Feature: Work truck week delivers the goods

Opportunities for PSA tapes abound in the commercial work truck industry.

Virtually anything you need to know about the present and near-future state of the commercial work truck industry is put on display at Work Truck Week

The 2024 edition ran from March 5 through 8 at the Indiana Convention Center in Indianapolis. Billing itself as the largest work truck event in North America, its “umbrella” included the Work Truck Show, the Green Truck Summit, a Ride & Drive event, and the annual meeting of the show’s sponsor, the National Truck Equipment Association (NTEA). All took place during this hectic week in Indy.


The Work Truck Show main exhibit hall hosted more than 500 exhibitors, showcasing vehicles, equipment, and other products. It was here that Max VanRaaphorst, business development manager, E-mobility and Automotive, Avery Dennison, spent a very busy day.

“The Work Truck Show is focused on trucks and equipment designed for local use,” said Max. “Think last-mile delivery vans, snow removal trucks, contractor trucks, or the trucks that utility companies use. There’s a wide range of attendees, but I met a lot of fleet owners, vehicle engineers, and manufacturer representatives.”

The electrification revolution continues
Electrification of work trucks was one of the key trends showcased at the event. Max noted major manufacturers, including General Motors, Ford, Stellantis, Lion Electric (school bus manufacturer), Daimler Truck, Paccar, and Navistar, all had one or more EVs on display. 

A significant sub-trend: Manufacturers building their vehicles on top of battery pack platforms produced by other companies. As an example: Blue Arc makes step vans for Amazon, FedEx, and UPS. Now, they’re integrating their standard chassis with EV battery packs built by Michigan-based ONE. 

“EV adoption for work trucks is a bit behind where it is for passenger cars,” Max noted. “Production volume is still a bit low, so many EV truck manufacturers are sourcing battery packs from a handful of companies rather than designing and building their own.”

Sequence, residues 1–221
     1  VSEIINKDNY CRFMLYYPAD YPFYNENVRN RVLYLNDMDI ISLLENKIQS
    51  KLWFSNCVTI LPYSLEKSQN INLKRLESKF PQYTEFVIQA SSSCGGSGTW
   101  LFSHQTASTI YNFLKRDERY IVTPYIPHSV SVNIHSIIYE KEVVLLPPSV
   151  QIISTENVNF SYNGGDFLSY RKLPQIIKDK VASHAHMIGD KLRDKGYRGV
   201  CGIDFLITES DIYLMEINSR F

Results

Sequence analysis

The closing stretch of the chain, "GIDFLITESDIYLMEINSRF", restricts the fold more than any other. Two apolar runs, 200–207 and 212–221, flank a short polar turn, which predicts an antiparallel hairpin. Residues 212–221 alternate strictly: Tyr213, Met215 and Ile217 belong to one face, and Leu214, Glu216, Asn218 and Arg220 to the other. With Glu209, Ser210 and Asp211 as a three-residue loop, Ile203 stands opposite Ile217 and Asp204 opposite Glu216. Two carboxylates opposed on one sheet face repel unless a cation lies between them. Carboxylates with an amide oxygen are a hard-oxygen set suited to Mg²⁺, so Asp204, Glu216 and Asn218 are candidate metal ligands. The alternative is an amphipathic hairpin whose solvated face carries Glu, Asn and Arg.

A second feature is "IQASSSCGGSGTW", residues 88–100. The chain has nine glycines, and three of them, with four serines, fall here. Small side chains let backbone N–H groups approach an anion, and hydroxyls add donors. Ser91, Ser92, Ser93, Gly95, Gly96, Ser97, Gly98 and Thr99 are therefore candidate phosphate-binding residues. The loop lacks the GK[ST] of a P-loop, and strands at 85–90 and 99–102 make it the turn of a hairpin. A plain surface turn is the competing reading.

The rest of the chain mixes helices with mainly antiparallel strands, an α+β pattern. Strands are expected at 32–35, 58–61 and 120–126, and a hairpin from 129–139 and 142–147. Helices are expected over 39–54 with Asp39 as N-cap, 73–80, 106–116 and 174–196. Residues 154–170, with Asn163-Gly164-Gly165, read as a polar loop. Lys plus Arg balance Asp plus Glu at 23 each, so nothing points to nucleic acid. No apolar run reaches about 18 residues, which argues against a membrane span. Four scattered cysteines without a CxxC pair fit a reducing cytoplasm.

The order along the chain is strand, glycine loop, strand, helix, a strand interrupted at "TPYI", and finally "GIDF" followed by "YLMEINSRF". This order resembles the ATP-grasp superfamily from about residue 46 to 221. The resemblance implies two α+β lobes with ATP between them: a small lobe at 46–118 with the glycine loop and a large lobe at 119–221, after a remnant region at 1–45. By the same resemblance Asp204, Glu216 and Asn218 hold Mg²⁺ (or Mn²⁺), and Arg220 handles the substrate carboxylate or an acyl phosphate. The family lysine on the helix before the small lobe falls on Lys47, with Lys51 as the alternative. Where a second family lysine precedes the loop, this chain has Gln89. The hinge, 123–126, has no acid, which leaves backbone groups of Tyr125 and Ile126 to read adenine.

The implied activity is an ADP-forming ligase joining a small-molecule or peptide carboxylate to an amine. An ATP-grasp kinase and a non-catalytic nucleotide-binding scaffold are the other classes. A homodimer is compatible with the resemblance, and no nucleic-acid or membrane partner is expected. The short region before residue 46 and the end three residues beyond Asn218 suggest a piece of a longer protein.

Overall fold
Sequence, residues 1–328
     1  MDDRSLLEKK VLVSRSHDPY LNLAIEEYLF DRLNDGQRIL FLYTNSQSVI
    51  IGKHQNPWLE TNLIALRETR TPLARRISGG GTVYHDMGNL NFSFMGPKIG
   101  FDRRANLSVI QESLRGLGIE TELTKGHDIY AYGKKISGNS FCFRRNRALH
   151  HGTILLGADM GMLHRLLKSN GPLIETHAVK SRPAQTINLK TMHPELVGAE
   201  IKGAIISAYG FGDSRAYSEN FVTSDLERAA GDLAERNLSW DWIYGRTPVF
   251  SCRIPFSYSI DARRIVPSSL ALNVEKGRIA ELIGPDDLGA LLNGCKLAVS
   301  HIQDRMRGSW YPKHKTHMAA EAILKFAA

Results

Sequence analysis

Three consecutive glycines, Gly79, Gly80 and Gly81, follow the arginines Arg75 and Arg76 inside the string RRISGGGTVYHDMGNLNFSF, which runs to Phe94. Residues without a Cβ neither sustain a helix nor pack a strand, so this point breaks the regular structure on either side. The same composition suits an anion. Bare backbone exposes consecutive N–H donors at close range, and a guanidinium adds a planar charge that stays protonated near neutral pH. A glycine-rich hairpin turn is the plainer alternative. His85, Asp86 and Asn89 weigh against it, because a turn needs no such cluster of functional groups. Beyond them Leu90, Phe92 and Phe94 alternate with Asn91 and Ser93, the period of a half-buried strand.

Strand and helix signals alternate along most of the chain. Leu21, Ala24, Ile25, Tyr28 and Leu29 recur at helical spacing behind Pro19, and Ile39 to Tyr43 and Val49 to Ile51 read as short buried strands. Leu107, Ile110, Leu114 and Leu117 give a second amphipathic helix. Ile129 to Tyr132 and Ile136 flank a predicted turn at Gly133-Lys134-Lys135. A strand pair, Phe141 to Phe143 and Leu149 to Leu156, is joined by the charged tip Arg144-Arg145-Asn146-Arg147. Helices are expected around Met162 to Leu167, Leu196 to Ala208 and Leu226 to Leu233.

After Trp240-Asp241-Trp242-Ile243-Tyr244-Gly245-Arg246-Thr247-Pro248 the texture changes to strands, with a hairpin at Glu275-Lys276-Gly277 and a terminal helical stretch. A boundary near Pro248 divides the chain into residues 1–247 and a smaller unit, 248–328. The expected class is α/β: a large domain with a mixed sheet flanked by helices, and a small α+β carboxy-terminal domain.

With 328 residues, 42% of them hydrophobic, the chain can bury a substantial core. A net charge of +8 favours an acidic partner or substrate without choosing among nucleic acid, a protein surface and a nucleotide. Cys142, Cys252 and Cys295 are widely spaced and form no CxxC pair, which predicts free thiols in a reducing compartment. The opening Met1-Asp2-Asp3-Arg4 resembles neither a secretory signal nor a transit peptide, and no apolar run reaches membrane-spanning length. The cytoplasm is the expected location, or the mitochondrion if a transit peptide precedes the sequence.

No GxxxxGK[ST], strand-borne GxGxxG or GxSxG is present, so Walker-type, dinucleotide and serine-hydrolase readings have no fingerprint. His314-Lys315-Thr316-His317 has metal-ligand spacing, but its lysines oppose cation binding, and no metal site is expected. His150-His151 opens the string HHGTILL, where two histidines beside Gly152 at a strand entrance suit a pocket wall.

Adhesives make inroads in vehicle assembly
Another trend on display was the increasing use of adhesives as a bonding solution in areas where mechanical fasteners once reigned supreme. 

“I saw numerous examples of tape-bonded and adhesive-bonded seams,” said Max. A great example was Morgan Truck Body. Their box trucks on display featured lightweight components, including seams bonded with adhesives rather than traditional rivets. 

Max added, “I also saw a lot of adhesives used in various truck cab applications, including as a sealing solution (to prevent water/contaminant ingress) and for buzz, squeak, and rattle solutions.”

Tapes deliver what truck manufacturers need
As evidenced by what Max witnessed in Indy, more work truck manufacturers are understanding and appreciating the value proposition of PSA tape solutions.

  • A lightweight alternative to mechanical fasteners

  • Solutions engineered to perform across a wide range of temperatures

  • Adhesives designed to resist chemicals and UV light

  • Rubber, acrylic, and silicone adhesives engineered for low-surface energy (LSE) materials

  • A wide variety of solutions for buzz, squeak and rattle applications, helping make modern vehicles even more comfortable

Avery Dennison has a long track record in the automotive and transportation industries. Our high-performance tapes can be tailored to the needs of applications throughout the vehicle. 

As this industry evolves toward its electric future, Avery Dennison is again poised to support it. Our tapes and adhesives are engineered for use throughout battery packs, helping manufacturers address challenges such as thermal runaway prevention, boosting dielectric strength, and work optimization at the point of pack assembly.

“This is a really exciting time in the work truck industry,” said Max. “It’s a time of transition and growth, and there are so many ways tapes can help manufacturers facilitate that. We at Avery Dennison welcome the opportunity to discuss all that PSA tapes can offer this dynamic industry.”

Collaborate with Avery Dennison to grow your business
Tape converters, OEMs and tier suppliers interested in exploring PSA tape solutions for the commercial work truck industry can contact Max directly to learn more about working with Avery Dennison.

Max VanRaaphorst is business development manager – E-mobility and Automotive, Avery Dennison Performance Tapes North America. With nearly a decade of technical, sales and marketing experience in the chemical manufacturing field, Max strives to help Avery Dennison tape converters grow their business in the fast-evolving E-mobility and Automotive segments. Based in Michigan, he can be reached through LinkedIn.